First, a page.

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Thursday, April 25, 2024

Agriculture holds key to water crisis and food security — FAO

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BEIJING—Agriculture can help conserve the world’s overstretched water resources and make sure people have enough to eat and drink, the Food and Agriculture Organization of the United Nations (FAO) said.

In remarks at the recent opening of the 18th World Water Congress here, FAO Deputy Director-General Maria Helena Semedo said agriculture holds the solutions to the global water crisis, as well as the key to achieving global water and food security by increasing efficiency, reducing negative impacts and reusing wastewater.

With agriculture responsible for more than 70 percent of global freshwater use and availability of water for the sector widely threatened by dwindling resources, climate change and competition for other uses, water is high on FAO’s agenda.

Source: FAO

Semedo outlined an array of water-related initiatives as part of the organization’s “New Water Journey” focusing on integrated water resources for agriculture and food security–and contributing to the achievement of multiple sustainable development goals.

FAO established the FAO Water Productivity Open-access portal (WaPOR) and the Global Framework on Water Scarcity in Agriculture (WASAG) platforms to support countries with data and information.

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It launched the Global Dialogue on Water Tenure to explore how to recognize informal and customary water users, to more equitably and accurately account for all users.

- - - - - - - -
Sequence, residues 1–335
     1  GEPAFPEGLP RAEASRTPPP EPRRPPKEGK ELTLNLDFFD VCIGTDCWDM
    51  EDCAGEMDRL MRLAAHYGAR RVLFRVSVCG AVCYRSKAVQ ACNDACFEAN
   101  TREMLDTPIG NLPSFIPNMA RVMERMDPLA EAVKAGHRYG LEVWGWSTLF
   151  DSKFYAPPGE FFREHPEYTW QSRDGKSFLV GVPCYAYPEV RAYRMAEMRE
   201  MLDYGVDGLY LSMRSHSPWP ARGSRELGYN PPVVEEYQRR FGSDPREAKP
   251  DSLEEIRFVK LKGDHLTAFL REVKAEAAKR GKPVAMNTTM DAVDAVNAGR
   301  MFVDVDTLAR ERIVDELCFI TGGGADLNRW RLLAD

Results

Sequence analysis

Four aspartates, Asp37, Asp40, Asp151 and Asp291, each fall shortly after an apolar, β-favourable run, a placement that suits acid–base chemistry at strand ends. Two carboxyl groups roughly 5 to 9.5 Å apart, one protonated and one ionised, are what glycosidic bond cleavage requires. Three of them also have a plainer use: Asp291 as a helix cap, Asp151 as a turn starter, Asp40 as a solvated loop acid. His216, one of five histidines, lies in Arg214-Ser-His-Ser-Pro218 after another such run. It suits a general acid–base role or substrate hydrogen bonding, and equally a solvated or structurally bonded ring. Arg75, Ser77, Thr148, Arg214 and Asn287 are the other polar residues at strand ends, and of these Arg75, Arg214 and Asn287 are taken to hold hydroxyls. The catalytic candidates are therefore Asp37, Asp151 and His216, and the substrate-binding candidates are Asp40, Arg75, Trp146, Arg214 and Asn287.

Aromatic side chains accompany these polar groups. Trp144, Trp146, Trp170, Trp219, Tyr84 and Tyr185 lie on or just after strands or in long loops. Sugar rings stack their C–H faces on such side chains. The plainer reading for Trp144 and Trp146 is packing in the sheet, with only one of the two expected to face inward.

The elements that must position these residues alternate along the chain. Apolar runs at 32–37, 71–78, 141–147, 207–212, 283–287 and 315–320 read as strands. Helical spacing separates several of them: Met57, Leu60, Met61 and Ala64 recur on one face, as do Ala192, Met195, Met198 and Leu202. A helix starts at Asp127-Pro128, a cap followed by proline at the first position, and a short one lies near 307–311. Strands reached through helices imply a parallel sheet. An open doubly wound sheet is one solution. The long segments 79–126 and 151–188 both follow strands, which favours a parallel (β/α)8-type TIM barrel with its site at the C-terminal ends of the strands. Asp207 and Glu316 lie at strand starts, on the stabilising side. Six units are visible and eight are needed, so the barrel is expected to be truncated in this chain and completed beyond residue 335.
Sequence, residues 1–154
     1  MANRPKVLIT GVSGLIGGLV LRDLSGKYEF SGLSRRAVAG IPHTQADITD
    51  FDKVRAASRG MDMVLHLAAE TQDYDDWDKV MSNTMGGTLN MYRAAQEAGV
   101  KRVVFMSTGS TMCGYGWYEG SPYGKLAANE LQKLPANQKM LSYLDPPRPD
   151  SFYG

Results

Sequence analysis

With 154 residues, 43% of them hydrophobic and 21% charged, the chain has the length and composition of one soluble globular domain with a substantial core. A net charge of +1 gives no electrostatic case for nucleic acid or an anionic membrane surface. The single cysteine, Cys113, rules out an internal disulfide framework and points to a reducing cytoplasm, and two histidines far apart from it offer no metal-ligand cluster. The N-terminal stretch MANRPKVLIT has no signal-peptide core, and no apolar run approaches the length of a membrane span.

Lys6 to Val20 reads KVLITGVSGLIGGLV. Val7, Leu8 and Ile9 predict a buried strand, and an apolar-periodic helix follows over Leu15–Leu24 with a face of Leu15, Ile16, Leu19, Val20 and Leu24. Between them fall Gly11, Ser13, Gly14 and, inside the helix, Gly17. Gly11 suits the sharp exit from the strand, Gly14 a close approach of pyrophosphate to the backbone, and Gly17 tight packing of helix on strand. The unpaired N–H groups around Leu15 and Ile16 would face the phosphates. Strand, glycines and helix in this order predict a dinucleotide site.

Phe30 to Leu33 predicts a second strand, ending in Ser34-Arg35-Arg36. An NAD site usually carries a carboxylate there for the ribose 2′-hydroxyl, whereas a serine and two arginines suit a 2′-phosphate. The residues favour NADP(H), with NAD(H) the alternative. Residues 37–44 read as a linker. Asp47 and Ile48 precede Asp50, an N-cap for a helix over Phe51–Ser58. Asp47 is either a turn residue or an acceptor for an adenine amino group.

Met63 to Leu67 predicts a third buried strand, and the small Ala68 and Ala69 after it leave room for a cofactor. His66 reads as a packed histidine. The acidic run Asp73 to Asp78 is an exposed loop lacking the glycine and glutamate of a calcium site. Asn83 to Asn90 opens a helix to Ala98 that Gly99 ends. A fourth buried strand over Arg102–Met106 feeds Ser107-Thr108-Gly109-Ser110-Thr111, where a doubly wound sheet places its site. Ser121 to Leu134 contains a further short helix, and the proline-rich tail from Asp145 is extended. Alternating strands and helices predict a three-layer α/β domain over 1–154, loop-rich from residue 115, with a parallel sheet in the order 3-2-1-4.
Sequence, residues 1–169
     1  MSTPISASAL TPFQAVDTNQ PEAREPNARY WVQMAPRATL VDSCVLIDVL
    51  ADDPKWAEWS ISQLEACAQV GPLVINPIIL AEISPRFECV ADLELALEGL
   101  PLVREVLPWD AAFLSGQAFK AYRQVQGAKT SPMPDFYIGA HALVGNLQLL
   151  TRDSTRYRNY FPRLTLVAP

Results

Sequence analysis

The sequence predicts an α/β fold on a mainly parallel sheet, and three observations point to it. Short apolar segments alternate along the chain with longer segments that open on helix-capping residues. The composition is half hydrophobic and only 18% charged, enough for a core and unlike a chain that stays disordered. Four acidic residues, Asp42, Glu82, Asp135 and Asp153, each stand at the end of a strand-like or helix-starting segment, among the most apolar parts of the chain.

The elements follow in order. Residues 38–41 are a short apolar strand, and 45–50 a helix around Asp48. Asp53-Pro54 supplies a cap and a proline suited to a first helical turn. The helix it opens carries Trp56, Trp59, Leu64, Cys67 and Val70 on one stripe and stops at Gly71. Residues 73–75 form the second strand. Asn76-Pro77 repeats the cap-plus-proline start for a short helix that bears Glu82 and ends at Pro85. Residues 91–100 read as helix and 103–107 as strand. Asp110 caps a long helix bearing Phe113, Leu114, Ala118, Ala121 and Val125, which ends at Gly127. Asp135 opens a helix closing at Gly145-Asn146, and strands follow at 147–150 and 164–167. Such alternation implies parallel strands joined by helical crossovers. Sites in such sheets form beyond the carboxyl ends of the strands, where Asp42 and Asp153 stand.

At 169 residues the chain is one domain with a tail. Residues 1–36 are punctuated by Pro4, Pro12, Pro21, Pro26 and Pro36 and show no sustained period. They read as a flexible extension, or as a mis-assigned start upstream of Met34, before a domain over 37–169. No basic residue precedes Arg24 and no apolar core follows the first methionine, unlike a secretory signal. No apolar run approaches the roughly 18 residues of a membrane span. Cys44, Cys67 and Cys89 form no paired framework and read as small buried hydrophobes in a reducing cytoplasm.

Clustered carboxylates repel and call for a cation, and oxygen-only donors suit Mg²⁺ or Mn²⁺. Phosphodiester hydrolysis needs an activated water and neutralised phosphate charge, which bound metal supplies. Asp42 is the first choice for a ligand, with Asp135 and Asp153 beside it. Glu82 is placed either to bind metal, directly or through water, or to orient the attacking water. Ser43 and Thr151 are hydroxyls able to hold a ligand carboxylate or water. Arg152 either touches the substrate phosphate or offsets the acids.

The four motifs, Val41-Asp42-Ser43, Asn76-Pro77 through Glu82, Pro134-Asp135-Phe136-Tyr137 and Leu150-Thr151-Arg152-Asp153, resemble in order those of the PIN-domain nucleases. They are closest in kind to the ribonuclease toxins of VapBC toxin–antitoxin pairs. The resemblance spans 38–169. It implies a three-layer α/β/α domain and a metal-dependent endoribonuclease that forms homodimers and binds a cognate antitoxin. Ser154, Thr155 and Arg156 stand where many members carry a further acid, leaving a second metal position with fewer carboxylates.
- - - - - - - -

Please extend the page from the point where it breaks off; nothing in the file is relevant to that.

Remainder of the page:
FAO is committed to the Global Water Action Agenda as agreed at the UN 2023 Water Conference to ensure there is enough water for all and it is of sufficient quantity and quality for maintaining biodiversity.

In December last year, COP15, or the UN Biodiversity Conference, adopted the Kunming-Montreal Global Biodiversity Framework—a landmark agreement that sets out an ambitious vision for a world living in harmony with nature. Food and agriculture are crucial parts of the framework, calling for linkages between biodiversity, water and climate and food security agenda, Semedo noted.

Semedo stressed that ecosystem-based solutions and sustainable management of natural resources are key. Prioritizing green and blue infrastructure for agriculture and fisheries and aquaculture can enhance water quality, maintain biodiversity and provide other benefits to agri-food systems and rural areas.

The success of each hinges on holistically and coherently integrating sustainable water management as part of agreed actions–especially in agrifood systems.

“We need collaborative frameworks between governments, international organizations, academia, research institutions, local communities and the private sector to ensure inclusive and sustainable planning, financing, governance and implementation,” said Soneda.

As the clock ticks towards the 2030 timeline for the UN Sustainable Development Goals, “we need to make water flow for people and planet,” she said. FAO News

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